“They want to come home,” she said. “My daughter made the mistake of a lifetime. Today she is a parent alone in a foreign and vicious land looking after a widowed 14-year-old and four other young children.”
– Karen Nettleton, the mother of Tara Nettleton, quoted in The Sydney Morning Herald
Tara Nettleton is an Australian currently living in the self-proclaimed Islamic State. Last year, she took her five children, via Malaysia, to Syria. Her husband, the now possibly dead Khaled Sharrouf, was already there as an Islamic State fighter.
Sharrouf became infamous for beheading Syrian soldiers, even getting one of his sons, a mere 7-year-old, to hold up a severed head on social media for all the world to see. Recent reports claim that the avowed jihadist survived a drone attack.
Nettleton’s family members, her Sydney-based mother Karen in particular, have been seeking media outlets of late, desperately calling for the Australian government to allow Tara and the children to return. Australian Prime Minister Tony Abbott, sensibly, is insisting that Tara Nettleton will be charged (and almost certainly convicted) for both supporting terrorism and taking part in an illegal foreign conflict.
Wanting to avoid this, the family has engaged the services of a prominent Sydney barrister and is resorting to treating Tara as if she were a victim.
This self-pitying narrative is based on nothing but a pack of lies. Tara Nettleton’s husband had been convicted and jailed years ago for plotting terrorist attacks intended to kill scores in Australia. To argue that she made a “mistake” in taking herself and the five children to Syria after her husband had shown strong desires to kill people in Australia is nothing but a pathetic insult to any half-conscious human being aware of the news cycle.
Importantly, Nettleton was aware of the deplorable situation already existing in Syria, where the forces of Bashar al-Assad and often secular rebels had been engaged in bloody battles for three years.
Sadly, defending Tara Nettleton’s shocking and purely criminal abuse of her vulnerable children represents yet another attempt to invoke femininity and motherhood so a woman avoids any responsibility for her actions. This is a theme I have already explored in the case of mothers killing their children, notably after the breakdown of a marriage.
Truly heinous acts towards children, including exposing them to the risk of death and inevitable psychological horror within a mass-murdering terrorist caliphate, are still perceived by many in society as only the domain of fathers, not mothers.
How is Tara’s use and endangerment of her children not child abuse?
Thanks to a conscious, flagrantly premeditated and ideological decision, Tara Nettleton’s children are irrevocably scarred. The sons of hers involved in the handling of severed human heads will be adversely impacted until their final breaths, if they are lucky enough to live beyond their childhoods.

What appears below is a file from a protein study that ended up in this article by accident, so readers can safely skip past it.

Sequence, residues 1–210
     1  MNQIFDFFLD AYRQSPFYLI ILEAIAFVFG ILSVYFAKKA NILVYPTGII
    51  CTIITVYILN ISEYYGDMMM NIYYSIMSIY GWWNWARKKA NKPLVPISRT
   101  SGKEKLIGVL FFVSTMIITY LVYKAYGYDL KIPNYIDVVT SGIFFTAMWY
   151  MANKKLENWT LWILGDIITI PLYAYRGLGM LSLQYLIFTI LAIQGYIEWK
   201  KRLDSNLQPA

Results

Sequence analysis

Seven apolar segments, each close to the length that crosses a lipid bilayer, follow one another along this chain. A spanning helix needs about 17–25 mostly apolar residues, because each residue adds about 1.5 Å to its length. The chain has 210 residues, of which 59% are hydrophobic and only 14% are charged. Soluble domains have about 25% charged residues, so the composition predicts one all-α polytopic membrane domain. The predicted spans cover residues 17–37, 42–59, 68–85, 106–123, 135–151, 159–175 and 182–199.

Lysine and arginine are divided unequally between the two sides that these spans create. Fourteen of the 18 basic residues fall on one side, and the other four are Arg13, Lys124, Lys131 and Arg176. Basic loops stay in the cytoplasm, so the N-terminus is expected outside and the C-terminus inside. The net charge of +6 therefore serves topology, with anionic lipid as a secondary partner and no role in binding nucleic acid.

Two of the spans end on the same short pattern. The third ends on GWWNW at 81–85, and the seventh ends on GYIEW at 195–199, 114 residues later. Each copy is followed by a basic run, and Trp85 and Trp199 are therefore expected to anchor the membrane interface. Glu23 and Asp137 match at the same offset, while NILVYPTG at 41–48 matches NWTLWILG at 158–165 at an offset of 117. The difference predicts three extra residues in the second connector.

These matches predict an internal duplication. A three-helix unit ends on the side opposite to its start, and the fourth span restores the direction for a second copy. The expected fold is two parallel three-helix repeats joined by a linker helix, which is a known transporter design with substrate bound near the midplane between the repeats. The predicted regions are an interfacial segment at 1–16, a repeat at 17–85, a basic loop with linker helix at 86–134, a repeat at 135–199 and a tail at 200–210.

More than aware of the brand of Islam she and her husband were following, Nettleton would have additionally realized that her daughters would be married off to much older men while still minors. In the case of one, a 14-year-old, she was betrothed to her husband’s best friend, who was killed in the same attack that may or may not have killed Sharrouf.
Only the smallest glimpses of the children’s lives have been captured on social media, so we have no way of knowing what other innumerable mental and psychiatric tortures they have been exposed to.
And this is where Tara Nettleton’s mother Karen and the rest of her family enter the picture. Of course, Ms. Nettleton wants the safe return of her daughter and five grandchildren. But she veers into pure nonsense when she equates the children’s plight with Tara’s:
I don’t want my daughter and grandchildren to be collateral damage in this shameful and tragic war.
If Tara Nettleton dies, she is not “collateral damage.” She has been an active supporter of Islamic State. Her belief in this self-proclaimed caliphate was so strong that she abandoned the comparatively secure anchoring of her children in Australia and took them to a land plagued by civil war, where even the privileged children of Syrian government elites and other functionaries have died in the resulting carnage.
It is also poignant to remember that we would not engage in any such discourse about adult victimhood if a father had taken his children to a bloodied land like Syria to purposefully live in a terrorist state.
The constant, unequivocal denial of female agency
Thankfully, the desperate PR campaign of Tara’s family is failing to cast her in a better light. No major, remotely reputable public figures have come out in support of her, nor should they. Although one would hope that the children are removed to safety, Tara’s choices have ensured that this will probably not be the case.
So what can we glean from this situation?
Firstly, the compulsive drive to defend the indefensible when it comes to selfish and criminal female behavior is yet to die. Like Karla Faye Tucker, the opportunist murderer executed in Texas, gender is used and abused to try and spare women from either culpability or the fate they bring upon themselves. What is troubling is that families and other supporters know that this strategy, however far removed from reality it is, usually has a good chance of succeeding.
Secondly, it is possible to make out some rough contours of where this defense is rejected by modern society. As a grouping, we must define and utilize these boundaries more effectively. And then we must redraw them according to what should be their proper limits.
Whether it’s the perennially excused female sexual abuse of teenage minors and other underage children, female-perpetrated homicide, or mothers taking their kids to a terrorist hotspot and then supporting terrorism within it, the pussy passes afforded to blatantly criminal women must end.